Changing your lifestyle isn't easy, even when it’s intentional and you have a specific goal in mind. And while there are a zillion guides and how-to’s out there to walk you through the finer points—including this one!—sometimes you need to make like Missy and flip it (and reverse it). In an effort to help you recognize what not to do, here are four surefire ways to screw up your health and wellness goals.
Diving Into a Fad
Fads are temporary moments of insanity, and fad diets are even worse. Don’t buy into false promises of “quick” weight loss, because let me tell you, changing your weight is not all that easy. It requires commitment to a real change, and diving head first into whatever the latest celebrity tells you is not how to do it. Forget the tummy wraps, the cayenne pepper water, the cabbage soup diet, and all the other nonsense. Take some time to really consider your goals and work backwards to make a plan of action.
Even if you know you’re not going to follow strict rules and restrictions, you’re going to need something to keep your goals measurable. Otherwise, you have no way of knowing if you’re even doing anything worthwhile. The wing-it philosophy, where you tell yourself you’re just going to “eat healthy” and “really commit to exercise” with zero structure or timelines or planning, is the best way to find yourself back at square one before you know it.
Playing the Hunger Games
Surprise—people tend to feel hungrier around certain times of the year. There’s the obvious—the holiday season, with its bounty of cookies and treats—but it’s also common to feel hungrier when temperatures plummet. Cold weather can create a drop in body temperature, which stimulates appetite. Unfortunately, the knee-jerk reaction to feeling like you’ve over-indulged is too often starvation and calorie restriction, which is hard on your body and your willpower. And completely ineffective, by the way.
Eating for Family and Friends
Eating is an extremely social thing. In the summer, we plan cookouts and barbecues with food as the star. In the fall, it’s cozy dinners with friends. Winter is basically leapfrogging from one giant dinner to the next, with alcohol-laced parties and cookie decorating get-togethers mixed in for variety.
I’m a sucker for all of this myself. If my whole family is stoked for dinner and I’m not hungry, guess what? I’m eating dinner. If my friends are all going out for brunch but I’m still full from a post-workout snack, guess what? I’m going to that brunch and eating with them. Here’s the thing—if you’re not hungry, you shouldn’t eat! There’s nothing wrong with ordering a small broth-y soup or simple salad. But the best approach is a little forethought here. If you know your family discussed dinner, don’t eat a late lunch. If you know you don’t have a big appetite in the morning, suggest a late lunch instead of brunch.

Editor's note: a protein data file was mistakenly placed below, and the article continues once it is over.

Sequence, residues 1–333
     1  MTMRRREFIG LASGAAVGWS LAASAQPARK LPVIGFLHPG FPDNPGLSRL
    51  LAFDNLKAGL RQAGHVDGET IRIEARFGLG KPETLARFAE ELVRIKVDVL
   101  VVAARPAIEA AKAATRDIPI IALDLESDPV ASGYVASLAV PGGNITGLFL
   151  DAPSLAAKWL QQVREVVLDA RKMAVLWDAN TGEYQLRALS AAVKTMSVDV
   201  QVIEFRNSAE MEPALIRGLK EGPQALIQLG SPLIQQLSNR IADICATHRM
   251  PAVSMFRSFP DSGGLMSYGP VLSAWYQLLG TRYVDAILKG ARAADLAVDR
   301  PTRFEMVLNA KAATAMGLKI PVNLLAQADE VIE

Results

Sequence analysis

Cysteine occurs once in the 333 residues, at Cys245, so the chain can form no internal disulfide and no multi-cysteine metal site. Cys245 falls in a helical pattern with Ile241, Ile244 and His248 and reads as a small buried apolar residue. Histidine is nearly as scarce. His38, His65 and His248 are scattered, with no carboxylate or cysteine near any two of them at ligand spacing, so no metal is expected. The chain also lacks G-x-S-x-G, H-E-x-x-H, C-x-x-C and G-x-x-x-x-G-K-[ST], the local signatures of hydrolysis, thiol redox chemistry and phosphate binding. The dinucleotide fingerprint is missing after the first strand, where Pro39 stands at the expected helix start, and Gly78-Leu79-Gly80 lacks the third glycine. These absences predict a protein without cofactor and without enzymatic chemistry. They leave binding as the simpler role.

You can save yourself a lot of time and grief with a little introspection. It was Socrates who said, “know thyself,” and yes, that was entirely related to philosophy and not health and fitness, but it still applies! What do you want? What are you hoping to achieve? What’s hard for you, and what’s really doable? Figuring out the sticky bits of this whole healthy-lifestyle thing, whether it’s committing to your fitness plan or getting through that mid-afternoon slump or late-night craving without caving into a pint of ice cream or an entire bag of kettle chips, gives you space to come up with solutions. Maybe a personal trainer or a reliable fitness buddy is all you need for a little fitness accountability. Maybe stocking the freezer with some Bumpin Blends smoothie cubes is the best way to satisfy that sweet tooth (and, you know, get a huge boost of fiber and vitamins and minerals at the same time).
The point is, there are always ways to reach those goals. You just have to know what you really want first so you can figure out how to make it happen.